Insulating a Sprinter Van Converison with Wool: the Eco-Friendly Way
Updated: Jan 20
In this post we'll cover the basics of insulating your van conversion with Havelock wool. This is one of the best all-natural options we have found for van insulation. We'll talk about our decision to go with US-based Havelock wool vs other options, and how we installed the wool in our Sprinter Van conversion.
If there’s one thing for certain in the van world, it’s that everyone has their own way of doing things. I guess that’s one thing that draws many of us to this ‘alternative’ lifestyle: we like to live life on our own terms. Choosing how to insulate your van is probably as controversial a subject as any when it comes to van conversions, and our method might go against the grain even more than usual. As is a common theme in our van builds, we chose to use the most natural yet functional insulation we could find for our second Sprinter Van conversion. Read on for our reasoning about why we chose to use wool insulation (again), as well as our installation methods and thoughts on what we might do differently next time if we run into any issues. We’ll keep this page updated with any new developments down the road, so check back here for future observations.
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UPDATE Jan 2019: We've been getting a lot of questions about how we're liking our wool insulation now that we've lived with it for a few months of winter. We are happy to report that the insulation has done as well in winter as summer and we still can't find any downsides to wool! Judging by how many questions we get about Havelock's insulation, it seems like this whole wool thing is finally taking off in the van conversion world, and we couldn't be happier about it. If you've got detailed questions about wool insulation that are not answered here, we suggest getting in touch with the guys at Havelock. They are way more knowledgeable than we are and very helpful. Cheers and happy building!
We chose to use all natural wool insulation for our second Sprinter Van build, made by Havelock Wool. The company is based out of the Reno, NV area and is run by some genuinely cool human beings. A few days after placing our order with Havelock, we received our shipment of a few highly compressed bags of Havelock’s insulation, both in traditional batts and ‘loose fill’. The batts (similar to the “traditional” pink fiberglass rolls, only not super toxic) worked great for all the bigger areas of wall and ceiling and the loose fill was perfect for stuffing into all the nooks and crannies. The guys at Havelock recommended that we open the vacuum sealed bags up and let the wool expand for a bit before actually installing the insulation, and we were impressed how big the insulation got as soon as we cut the outer bag off.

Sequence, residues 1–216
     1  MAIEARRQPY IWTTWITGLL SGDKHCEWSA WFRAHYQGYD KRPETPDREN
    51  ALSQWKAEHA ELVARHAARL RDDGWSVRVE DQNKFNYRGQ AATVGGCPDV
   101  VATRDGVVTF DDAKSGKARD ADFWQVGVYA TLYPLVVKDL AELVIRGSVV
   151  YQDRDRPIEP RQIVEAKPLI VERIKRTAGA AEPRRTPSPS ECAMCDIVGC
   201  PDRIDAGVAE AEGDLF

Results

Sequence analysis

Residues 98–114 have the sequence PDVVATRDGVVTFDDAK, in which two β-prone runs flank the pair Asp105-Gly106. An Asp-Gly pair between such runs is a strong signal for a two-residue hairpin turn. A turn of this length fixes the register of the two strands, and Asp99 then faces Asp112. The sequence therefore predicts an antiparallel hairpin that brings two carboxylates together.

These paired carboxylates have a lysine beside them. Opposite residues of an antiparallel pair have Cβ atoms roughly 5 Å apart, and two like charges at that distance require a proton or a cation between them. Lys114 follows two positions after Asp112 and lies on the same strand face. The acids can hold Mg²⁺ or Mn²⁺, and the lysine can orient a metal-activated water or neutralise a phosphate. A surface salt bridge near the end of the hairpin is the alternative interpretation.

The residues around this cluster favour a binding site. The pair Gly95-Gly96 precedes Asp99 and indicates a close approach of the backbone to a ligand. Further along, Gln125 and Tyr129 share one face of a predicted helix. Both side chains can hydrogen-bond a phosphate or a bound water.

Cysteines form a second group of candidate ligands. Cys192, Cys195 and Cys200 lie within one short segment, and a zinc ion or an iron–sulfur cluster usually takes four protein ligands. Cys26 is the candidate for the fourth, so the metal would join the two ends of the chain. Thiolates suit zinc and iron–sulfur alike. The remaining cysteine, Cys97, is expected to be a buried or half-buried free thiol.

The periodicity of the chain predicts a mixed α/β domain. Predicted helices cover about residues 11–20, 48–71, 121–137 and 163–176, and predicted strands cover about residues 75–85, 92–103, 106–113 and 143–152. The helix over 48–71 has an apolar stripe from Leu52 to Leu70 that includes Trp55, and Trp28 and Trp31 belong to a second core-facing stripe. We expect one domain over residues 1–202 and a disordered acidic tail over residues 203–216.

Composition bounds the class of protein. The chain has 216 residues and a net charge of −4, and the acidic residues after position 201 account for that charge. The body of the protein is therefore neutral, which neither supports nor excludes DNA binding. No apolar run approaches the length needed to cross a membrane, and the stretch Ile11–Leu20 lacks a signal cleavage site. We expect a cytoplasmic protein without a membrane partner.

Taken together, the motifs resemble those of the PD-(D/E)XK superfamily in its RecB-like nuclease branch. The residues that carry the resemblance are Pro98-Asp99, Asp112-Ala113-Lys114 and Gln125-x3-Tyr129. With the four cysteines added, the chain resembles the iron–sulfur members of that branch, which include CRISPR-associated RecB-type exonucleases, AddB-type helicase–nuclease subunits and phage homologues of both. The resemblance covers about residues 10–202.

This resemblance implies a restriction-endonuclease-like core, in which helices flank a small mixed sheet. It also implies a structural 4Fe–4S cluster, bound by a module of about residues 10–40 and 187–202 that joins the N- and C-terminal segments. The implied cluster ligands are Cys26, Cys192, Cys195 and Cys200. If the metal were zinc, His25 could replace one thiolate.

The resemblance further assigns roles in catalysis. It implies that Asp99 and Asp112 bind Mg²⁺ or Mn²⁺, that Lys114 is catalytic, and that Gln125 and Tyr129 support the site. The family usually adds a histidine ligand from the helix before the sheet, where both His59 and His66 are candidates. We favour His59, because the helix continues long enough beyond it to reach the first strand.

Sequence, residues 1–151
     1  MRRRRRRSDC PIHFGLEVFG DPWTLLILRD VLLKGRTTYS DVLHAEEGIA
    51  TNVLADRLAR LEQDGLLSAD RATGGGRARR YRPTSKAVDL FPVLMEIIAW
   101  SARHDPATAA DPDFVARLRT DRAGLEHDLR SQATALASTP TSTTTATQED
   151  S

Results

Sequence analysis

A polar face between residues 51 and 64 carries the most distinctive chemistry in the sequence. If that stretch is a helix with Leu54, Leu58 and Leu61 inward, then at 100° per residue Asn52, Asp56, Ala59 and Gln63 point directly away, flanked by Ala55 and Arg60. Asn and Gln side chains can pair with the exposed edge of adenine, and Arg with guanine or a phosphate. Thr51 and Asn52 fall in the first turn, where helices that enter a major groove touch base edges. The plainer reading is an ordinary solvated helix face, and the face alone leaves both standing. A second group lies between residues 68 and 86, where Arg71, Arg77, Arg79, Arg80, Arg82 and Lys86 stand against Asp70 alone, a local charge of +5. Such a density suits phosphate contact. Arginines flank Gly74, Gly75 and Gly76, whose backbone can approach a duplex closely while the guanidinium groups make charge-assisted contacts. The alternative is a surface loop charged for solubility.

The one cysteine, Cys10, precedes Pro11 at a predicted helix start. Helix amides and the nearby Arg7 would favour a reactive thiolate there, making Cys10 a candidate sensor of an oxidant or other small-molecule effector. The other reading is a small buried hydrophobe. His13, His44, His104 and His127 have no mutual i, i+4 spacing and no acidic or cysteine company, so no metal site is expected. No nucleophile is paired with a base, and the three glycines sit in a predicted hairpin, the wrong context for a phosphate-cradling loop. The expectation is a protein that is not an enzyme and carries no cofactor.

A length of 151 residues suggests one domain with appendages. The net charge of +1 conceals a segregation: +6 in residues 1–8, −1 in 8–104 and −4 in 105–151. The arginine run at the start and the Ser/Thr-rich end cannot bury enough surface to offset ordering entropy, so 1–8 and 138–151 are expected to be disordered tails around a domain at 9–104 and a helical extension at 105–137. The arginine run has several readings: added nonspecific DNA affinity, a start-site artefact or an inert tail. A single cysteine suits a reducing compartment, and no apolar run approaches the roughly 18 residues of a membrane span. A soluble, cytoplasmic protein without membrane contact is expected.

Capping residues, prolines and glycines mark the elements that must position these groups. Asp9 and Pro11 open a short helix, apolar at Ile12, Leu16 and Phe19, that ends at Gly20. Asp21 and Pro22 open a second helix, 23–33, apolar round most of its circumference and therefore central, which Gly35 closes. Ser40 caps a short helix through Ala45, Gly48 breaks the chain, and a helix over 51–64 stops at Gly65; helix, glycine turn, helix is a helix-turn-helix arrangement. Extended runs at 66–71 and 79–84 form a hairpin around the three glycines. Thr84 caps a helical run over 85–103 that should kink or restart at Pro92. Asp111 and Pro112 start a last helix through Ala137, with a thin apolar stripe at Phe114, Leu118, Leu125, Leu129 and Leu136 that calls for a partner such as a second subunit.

There are a lot of reasons we chose to use wool insulation again for our second Sprinter van conversion. First of all, it's probably the most natural, least 'processed' insulator that is practical for a van conversion. In addition to being totally natural, it is also highly efficient--not only at thermal insulation, but at sound deadening, air filtration, and managing moisture (if you live in a van you might have heard of condensation issues). Honestly, we don't know of a single drawback of using wool insulation, but we'll let you know if we find any.
The wool insulation we got from Havelock was ridiculously easy to install. Because it is 100% natural and nontoxic, we didn’t have to wear any protective equipment while working with it. Actually, I take it back, I did wear ski goggles while installing the wool in the ceiling so I didn’t get any itchies in my eyeballs, but we love wearing normal clothes and not having to worry about getting cancer every step of the way while building our van. We ended up insulating our van in stages, mostly because we did a lot of things (like installing our wall and ceiling panels) totally out of order. If we were not trying to live in our van while converting it, and were doing things in a ‘standard’ order of operations, we would have done all the insulation at once, then moved on to covering the walls/ceiling.
To fix the insulation to the ceilings, I wove some old string (actually upcycled paraglider line, because that’s what we had on hand) through the factory holes in the ribs of the van’s sheet metal. I basically formed a spider web of string to hold the batts up in place until we could install our ceiling panels and really hold the insulation in. For the smaller areas of the wall, I just cut and/or tore the batts to the correct size and shape and placed the pieces in the ‘cubbies’ of metal. They held themselves in well enough just with friction until we got the walls in place. The larger ‘window’ areas of the walls we held up in place and used a few pieces of gaffer’s tape momentarily as we placed the wall panels up.